Published online by Cambridge University Press: 28 March 2008
This volume begins with the manuscript book in Britain as it was when Geoffrey Chaucer died in 1400. It ends with the printed book as it was in 1557, the year in which the English book-trade was consolidated with the grant by Philip and Mary of a charter to the Stationers’ Company of London. In this year also were published, in London, the English Works of Thomas More and, in Geneva, an important translation into English of the New Testament, the forerunner of the Geneva Bible.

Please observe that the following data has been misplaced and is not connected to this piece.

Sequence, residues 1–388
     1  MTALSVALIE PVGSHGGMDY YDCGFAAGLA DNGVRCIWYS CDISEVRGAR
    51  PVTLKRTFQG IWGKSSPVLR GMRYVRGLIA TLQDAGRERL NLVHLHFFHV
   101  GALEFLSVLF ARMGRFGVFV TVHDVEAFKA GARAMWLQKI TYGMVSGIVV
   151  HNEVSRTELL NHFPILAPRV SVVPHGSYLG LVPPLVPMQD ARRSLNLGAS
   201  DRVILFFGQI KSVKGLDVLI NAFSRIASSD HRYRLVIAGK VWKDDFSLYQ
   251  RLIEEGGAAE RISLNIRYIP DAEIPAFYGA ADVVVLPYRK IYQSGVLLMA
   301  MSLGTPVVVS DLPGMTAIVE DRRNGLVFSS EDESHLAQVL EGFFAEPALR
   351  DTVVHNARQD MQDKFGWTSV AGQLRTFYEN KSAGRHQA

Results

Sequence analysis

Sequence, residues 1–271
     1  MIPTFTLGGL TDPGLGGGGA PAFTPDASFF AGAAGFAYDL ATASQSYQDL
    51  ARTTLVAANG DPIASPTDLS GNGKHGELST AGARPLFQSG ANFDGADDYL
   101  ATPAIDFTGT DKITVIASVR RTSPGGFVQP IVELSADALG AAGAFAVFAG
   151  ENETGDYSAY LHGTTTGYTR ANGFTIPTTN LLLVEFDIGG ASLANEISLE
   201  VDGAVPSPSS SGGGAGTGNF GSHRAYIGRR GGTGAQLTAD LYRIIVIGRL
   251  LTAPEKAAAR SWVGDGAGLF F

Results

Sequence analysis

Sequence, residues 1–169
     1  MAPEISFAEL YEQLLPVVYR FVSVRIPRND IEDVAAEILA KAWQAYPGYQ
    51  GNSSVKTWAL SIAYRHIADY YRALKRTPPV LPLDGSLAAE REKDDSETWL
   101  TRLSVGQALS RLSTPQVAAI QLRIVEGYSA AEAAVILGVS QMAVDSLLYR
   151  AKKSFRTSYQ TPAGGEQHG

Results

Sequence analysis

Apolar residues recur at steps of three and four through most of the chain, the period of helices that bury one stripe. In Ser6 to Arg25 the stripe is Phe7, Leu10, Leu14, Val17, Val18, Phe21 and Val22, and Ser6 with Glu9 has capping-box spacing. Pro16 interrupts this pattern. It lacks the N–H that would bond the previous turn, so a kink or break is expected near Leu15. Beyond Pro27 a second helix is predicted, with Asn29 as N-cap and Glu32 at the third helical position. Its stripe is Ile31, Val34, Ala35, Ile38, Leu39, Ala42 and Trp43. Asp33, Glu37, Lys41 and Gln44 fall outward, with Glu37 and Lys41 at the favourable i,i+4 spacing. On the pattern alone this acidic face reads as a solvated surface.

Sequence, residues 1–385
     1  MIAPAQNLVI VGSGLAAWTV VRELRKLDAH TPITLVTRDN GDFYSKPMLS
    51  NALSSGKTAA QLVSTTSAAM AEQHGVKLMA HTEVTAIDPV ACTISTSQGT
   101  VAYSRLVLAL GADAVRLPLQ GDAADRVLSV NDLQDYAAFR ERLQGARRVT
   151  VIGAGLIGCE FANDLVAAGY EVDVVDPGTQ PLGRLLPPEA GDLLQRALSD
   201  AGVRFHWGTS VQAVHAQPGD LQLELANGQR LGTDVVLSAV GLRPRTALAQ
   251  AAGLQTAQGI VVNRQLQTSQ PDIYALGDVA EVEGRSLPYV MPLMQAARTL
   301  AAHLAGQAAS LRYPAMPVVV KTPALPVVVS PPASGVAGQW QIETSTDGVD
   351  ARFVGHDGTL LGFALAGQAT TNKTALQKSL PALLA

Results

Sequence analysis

The first of these two books was printed and published, as its contents had been written before the Reformation, in the Catholic interest, then again briefly in the ascendant in England. It drew verbally on a vernacular poetic tradition in its echoes of Chaucer’s phraseology, as well as spiritually on the authority of the Church, laying particular stress on the Church’s role as arbiter of scriptural interpretation. The second book was the successor of several earlier reformed English Bible translations, of which one in particular had received the endorsement of Henry VIII. Taken together, these two volumes reflect changes and upheavals in British society during a century and a half. At the same time, they bear witness to continuities.